"Basically, the need in recruiting is to have the volunteer agencies recognize what their shortcomings are and admit them, and then look to the commission for help," Bretton explained. "If you don't go out and look for people to man your station, you're going to have shortages. If you don't ask for help, you won't get it."

Long hours are not the only thing working against getting recruits, however. Lengthy training periods, uniform and radio purchase prices and lack of affordable housing near the fire and rescue stations also keeps away some potential recruits.

Also, volunteers must help their companies raise funds by going door to door asking for donations or participating in such fund-raising activities as bingo, turkey shoots, ham and chicken dinners, and horse shows.

The Board of Supervisors and the Fire and Rescue Commission are trying to come up with ways to reduce the amount of fund-raising that volunteers must do. One possible solution they are considering is to ask developers for increased building proffers to help support the fire and rescue squads.

Proffers are contributions of land, buildings, equipment or cash to the county from developers to help offset the impact of their development on the general tax services. By giving land for a fire station to be built, or money to buy a new pumper, for example, a developer helps offset the increased traffic and demand for services, such as fire and rescue operation, that a new development will create. However, proffers are usually made only when a developer requests rezoning.

"Fund-raising is a sore point with many volunteers," noted Kavanagh. "They hate going door to door and asking for money. I've heard that some have even quit because of it. If we can have a satisfactory proffer system in the county, then the volunteers won't have to go door to door."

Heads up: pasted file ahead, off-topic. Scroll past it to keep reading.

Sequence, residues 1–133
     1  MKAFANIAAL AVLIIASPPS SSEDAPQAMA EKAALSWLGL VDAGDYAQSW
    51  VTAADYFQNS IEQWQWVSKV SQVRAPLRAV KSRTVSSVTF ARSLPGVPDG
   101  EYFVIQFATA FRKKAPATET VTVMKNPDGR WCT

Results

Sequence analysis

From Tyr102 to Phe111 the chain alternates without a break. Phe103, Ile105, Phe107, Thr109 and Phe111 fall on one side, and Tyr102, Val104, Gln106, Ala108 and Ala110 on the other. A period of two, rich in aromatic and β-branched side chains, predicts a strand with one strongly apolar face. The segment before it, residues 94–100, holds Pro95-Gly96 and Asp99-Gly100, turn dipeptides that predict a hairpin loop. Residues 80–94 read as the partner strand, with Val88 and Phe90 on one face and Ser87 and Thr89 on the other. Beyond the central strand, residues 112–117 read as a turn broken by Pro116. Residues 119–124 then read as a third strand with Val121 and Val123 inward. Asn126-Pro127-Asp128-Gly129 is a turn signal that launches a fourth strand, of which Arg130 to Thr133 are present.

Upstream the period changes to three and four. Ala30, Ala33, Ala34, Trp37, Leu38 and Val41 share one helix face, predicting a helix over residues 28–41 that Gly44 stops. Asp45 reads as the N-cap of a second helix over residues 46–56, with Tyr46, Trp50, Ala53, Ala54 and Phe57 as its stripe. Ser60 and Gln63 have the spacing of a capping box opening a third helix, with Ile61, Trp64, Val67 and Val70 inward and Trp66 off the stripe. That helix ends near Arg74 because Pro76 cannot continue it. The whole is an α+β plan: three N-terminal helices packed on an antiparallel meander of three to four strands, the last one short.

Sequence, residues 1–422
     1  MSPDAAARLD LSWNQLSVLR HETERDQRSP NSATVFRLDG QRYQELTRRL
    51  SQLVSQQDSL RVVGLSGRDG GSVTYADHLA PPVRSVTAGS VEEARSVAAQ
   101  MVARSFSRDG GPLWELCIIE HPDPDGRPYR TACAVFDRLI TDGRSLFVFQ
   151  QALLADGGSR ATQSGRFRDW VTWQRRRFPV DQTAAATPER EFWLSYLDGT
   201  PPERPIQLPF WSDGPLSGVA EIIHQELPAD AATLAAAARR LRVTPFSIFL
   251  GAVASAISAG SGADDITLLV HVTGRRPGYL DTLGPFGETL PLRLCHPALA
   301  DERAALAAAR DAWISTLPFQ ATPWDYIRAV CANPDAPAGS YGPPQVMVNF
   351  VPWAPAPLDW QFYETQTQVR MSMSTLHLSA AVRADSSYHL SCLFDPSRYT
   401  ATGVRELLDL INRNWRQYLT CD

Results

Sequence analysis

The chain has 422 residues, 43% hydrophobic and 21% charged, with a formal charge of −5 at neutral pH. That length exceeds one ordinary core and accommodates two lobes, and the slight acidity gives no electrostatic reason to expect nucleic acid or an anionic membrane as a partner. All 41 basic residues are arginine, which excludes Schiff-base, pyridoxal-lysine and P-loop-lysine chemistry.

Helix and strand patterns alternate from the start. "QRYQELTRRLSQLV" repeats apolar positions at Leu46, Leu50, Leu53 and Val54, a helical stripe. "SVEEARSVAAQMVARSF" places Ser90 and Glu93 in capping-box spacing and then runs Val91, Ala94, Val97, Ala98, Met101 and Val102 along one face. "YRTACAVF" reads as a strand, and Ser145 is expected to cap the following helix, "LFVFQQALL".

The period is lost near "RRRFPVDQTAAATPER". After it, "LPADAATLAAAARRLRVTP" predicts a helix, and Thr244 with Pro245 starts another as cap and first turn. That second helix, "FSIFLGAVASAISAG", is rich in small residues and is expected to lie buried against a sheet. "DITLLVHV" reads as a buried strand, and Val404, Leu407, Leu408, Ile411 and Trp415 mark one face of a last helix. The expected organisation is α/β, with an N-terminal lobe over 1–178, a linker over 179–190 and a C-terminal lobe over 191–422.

Another possible fund-raising solution the supervisors are looking at is a fire tax district. This could provide an alternative solution to professional staffing in communities where the demands on fire and rescue services are particularly high if recruitment tactics fail to work in these areas.

"I don't know if we can have just one fire tax area," said Kavanagh. "When you look at the problem of daytime staffing, you see it's not just in the eastern part of the county. There are a couple of places in rural Loudoun also facing growth. It's something the county may have to look at seriously in the next couple of years. If that's what it takes to provide adequate service, then we'll have to do it."

If the county's volunteer fire and rescue service is lost, however, besides the potentially huge tax increase necessary to support a career service, there will be a big loss to the community, firefighters say.

"One of the big advantages of a volunteer system is that, while there are only 17 companies, we have volunteers all over the county," explained Bretton. "When people call for help, the first thing that arrives at their house may not be an ambulance or a fire truck, but a volunteer neighbor from two blocks away who helps them start dousing a fire or administering first aid.

"I know one volunteer who put out what would have been a major fire if it had gone untended until the fire truck arrived, with a kitchen fire extinguisher. In a career fire and rescue system, you don't have that sort of service. You have to wait for the fire truck or ambulance to arrive."